Talking with a client today, we got on to the difficulties of keeping your cool in a job you hate. My client had gotten herself involved in a bit of tit for tat email tennis which had gone on to ruin her entire week. She had already forwarded me the 7 page email thread to get my opinion, and can you guess what I thought of it...?
I don't know if you've ever found yourself here but, the fact is, when an instruction is sent in writing, your biased little mind insists on assuming it's come from a place of negativity. When I looked at the email, because it wasn't directed at me, I couldn't see anything wrong with it. It seemed like a reasonable enough request for some work to be done and a query over a previous communication. My client on the other hand, when sat talking to me, recited it with a hugely irritated tone in her voice, as she interpreted the way that she believed her boss had intended it.
Now, I could say she's over-reacting (and to be fair, she probably is) but the point is I've been here myself, in exactly the same position, and I'm willing to bet that many of you have too. It may be that you've been there and aren't even aware of it because, when you're frustrated in yourself, it is all to easy to assume that everyone is coming from a place of frustration too. Your mind, from centuries of evolution and decades of conditioning, is already more tuned in to the bad than the good so, is it any wonder that you automatically think the worst. You then reply with what you deem to be an equally aggressive response, which will then most likely be received and interpreted even more negatively than you intend it. Before you know it, you've fallen into the angry email trap...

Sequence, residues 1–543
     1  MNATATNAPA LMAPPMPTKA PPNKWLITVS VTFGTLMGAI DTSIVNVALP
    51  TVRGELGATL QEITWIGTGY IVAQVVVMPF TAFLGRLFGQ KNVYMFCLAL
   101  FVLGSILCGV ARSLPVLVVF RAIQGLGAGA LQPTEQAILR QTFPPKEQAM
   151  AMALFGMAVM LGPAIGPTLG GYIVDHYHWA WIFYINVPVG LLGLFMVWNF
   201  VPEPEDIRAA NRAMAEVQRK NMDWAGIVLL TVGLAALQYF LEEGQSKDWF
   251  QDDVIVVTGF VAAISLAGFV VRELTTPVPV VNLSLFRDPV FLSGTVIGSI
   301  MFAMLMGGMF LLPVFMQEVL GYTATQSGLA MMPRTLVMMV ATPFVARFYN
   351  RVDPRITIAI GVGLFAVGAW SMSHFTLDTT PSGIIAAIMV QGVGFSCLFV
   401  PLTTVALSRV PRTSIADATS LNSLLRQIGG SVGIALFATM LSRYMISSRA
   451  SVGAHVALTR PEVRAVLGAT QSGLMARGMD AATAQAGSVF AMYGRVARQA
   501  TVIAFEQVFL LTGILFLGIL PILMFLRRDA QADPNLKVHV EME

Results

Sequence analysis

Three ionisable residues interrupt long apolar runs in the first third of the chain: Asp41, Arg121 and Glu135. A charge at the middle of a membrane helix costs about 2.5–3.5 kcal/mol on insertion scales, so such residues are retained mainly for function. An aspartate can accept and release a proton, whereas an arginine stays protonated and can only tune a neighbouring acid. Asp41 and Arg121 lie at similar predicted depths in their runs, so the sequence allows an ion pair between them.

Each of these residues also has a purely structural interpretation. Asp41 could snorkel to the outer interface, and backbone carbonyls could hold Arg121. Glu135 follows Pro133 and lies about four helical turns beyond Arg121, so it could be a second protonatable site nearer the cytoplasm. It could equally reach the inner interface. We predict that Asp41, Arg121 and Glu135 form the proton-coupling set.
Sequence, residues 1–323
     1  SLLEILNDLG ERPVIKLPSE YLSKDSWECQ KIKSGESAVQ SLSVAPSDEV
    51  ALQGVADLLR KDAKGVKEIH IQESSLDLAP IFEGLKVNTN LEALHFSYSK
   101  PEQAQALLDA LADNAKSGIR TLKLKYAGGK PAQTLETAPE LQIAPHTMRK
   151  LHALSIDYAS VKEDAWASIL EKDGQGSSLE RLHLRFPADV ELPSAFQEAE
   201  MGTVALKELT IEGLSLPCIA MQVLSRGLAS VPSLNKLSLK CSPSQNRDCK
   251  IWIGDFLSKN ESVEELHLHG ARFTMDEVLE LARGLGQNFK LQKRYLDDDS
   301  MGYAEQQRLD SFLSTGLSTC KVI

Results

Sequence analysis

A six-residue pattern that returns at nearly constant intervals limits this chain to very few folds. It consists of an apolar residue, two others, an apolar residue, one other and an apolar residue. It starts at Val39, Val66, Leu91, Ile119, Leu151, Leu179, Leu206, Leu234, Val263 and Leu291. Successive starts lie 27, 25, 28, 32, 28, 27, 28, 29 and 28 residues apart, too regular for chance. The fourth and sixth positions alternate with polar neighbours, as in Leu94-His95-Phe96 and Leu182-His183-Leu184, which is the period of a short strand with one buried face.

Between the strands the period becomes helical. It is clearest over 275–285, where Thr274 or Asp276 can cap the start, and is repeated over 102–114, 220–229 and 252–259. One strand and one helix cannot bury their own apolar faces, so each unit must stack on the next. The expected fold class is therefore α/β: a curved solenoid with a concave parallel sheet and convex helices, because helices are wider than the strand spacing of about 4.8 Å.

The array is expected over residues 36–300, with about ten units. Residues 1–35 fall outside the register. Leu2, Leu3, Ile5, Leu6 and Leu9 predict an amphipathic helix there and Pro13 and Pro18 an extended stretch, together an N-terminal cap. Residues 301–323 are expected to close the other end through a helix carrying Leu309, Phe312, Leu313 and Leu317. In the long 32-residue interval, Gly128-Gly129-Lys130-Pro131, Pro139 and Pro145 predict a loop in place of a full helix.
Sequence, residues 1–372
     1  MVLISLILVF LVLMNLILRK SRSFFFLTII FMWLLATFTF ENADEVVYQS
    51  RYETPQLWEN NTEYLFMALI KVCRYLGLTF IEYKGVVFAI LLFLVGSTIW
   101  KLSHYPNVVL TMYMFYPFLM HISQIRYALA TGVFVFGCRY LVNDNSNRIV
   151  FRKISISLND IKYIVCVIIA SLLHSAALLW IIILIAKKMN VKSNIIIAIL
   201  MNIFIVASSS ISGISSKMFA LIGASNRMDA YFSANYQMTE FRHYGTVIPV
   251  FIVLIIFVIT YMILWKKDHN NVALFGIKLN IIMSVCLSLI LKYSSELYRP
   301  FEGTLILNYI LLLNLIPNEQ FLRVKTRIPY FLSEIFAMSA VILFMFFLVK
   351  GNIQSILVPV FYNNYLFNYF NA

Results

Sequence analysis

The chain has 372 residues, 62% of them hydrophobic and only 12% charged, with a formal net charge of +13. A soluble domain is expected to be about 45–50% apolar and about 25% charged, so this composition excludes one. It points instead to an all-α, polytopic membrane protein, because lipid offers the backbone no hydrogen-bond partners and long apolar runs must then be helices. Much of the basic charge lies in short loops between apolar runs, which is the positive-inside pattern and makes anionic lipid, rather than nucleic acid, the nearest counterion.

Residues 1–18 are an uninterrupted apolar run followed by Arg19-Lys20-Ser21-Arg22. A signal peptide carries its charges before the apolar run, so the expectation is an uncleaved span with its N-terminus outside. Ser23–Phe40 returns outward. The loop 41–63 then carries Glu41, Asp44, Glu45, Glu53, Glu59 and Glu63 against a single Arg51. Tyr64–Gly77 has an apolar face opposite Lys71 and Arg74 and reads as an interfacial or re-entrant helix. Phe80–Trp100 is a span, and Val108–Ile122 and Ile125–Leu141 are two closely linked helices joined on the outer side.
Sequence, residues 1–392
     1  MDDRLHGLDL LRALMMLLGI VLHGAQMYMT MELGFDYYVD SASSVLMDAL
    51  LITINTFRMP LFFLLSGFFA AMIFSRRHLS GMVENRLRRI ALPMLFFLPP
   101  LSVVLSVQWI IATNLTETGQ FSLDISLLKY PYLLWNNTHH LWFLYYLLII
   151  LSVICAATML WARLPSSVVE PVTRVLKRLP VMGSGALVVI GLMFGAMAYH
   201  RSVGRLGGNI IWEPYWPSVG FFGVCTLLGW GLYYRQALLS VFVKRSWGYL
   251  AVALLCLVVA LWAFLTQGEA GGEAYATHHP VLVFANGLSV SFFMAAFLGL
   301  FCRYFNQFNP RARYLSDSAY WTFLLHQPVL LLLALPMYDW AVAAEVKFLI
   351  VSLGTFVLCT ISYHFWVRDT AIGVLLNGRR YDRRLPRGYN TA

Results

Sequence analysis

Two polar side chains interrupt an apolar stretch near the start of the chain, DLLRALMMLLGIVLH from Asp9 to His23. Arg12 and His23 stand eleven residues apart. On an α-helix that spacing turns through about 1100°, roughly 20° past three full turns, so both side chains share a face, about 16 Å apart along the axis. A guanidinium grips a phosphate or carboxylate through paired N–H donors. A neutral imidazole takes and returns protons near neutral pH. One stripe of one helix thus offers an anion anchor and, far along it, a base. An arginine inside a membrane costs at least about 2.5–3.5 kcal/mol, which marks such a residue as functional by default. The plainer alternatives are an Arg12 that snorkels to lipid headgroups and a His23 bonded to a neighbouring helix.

With my client, all it took was for me to read the email back to her, but without the emotion in my tone that she was attaching to it. It was a complete lightbulb moment as she realised that she'd likely made some improbable assumptions and she wound up feeling a bit embarrassed about it.
The point is, we all fall into this or similar traps at certain times - have you ever received a text from your partner and been prepared to murder him only to find that the intention was nothing like you'd assumed? So, do yourself a favour. Avoid the trap. If you receive something that makes you question the motivation, assume the best. Read it with a smile on your face and a cheery tone. If you're still uncomfortable with it, go and have a chat to clarify the task with your boss or colleague and to gauge their intention, with the benefit of body language and other verbal cues. You may just find that you've gotten the wrong end of the stick...
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